Economists for Ukraine


Moscow’s Gas Freeze Shows EU-Russian Trade Is Doomed

Since Feb. 21, unprecedented sanctions have not only targeted important sectors of the Russian economy but also frozen Russian central bank reserves. The idea was to impose severe economic pain on Russia and indirectly affect its ability to sustain a prolonged war. But today, the situation has reversed, and Russia is self-sanctioning by restricting its gas supplies to the EU. Instead of reaping the revenue from the gas sale over the long term, Russia is choosing to cut the gas flow.
By Oleg Korenok and Swapnil Singh

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Russian Sanctions Are Working but Slowly

With the Russian ruble now trading at 55 rubles per dollar, well above where it was prior to the invasion, and Russia’s economic output not having collapsed, the initial optimism about the effectiveness of the unprecedented sanctions imposed by the United States and its allies has started to fade. Does that mean the sanctions regime has been a failure? We do not believe so.
By Oleg Korenok, Swapnil Singh, and Stan Veuger

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How to Organize Reconstruction Aid for Post-War Ukraine

Before significant funds are committed to Ukraine’s reconstruction, it is important to determine who will control and direct the money and how the recovery will be structured. Internal and external transparency will be crucial, as well as planning for a project that could take years.
By Yuriy Gorodonichenko, Anastassia Fedyk, and Ilona Sologoub

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What is Driving Western Firms to Leave Russia?

A growing number of U.S. and European firms have chosen to voluntarily cease or suspend their operations in Russia. Are these firms’ managers deciding to divest to help Ukraine and punish Russia? Or are they divesting to help their own firms, under pressure from investors? Our results suggest the latter.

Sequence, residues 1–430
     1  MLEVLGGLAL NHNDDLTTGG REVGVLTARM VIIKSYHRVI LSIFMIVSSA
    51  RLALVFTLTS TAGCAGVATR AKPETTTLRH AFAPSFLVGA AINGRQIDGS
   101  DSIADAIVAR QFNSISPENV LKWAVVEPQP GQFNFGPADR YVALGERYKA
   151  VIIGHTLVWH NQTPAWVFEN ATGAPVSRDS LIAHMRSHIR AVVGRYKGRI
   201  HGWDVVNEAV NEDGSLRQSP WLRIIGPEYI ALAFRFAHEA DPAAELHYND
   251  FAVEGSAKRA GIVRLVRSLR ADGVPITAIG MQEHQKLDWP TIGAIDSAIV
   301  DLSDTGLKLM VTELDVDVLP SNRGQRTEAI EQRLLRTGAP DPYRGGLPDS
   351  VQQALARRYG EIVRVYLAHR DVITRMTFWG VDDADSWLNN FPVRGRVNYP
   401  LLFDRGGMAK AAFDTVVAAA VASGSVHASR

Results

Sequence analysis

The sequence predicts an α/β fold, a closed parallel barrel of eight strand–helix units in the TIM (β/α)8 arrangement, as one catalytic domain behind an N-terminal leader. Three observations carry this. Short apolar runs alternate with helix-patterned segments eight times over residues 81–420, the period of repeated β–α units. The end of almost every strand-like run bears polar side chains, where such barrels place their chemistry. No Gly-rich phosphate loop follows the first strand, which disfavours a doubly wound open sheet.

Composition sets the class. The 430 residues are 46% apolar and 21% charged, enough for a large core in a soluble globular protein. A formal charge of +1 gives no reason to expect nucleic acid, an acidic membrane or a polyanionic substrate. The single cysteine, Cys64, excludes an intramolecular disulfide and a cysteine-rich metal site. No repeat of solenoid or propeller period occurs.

By Anastassia Fedyk & Tetyana Balyuk

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Strengthening Financial Sanctions against the Russian Federation

In this paper, we propose further financial sanctions to increase the cost to Russia’s invasion of Ukraine, based on further targeting two key vulnerabilities. The first targets Russia’s reliance on the U.S. Dollar and Western currencies as a reserve currency to back the Ruble. The second vulnerability is the Russian economy’s dependence on the Western financial system for a range of services.
By The International Working Group on Russian Sanctions

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Why More Weapons Will Help Ukraine and Russia Negotiate A Lasting Truce

In any negotiation, strong positioning is the most important factor. Assistance from Ukraine’s allies would give Ukraine, the victim, more bargaining power to reach an outcome that might be acceptable. Those who focus on Ukraine making territorial concessions or blame the United States for expanding the war only weaken Ukraine’s bargaining position.
By Anastassia Fedyk

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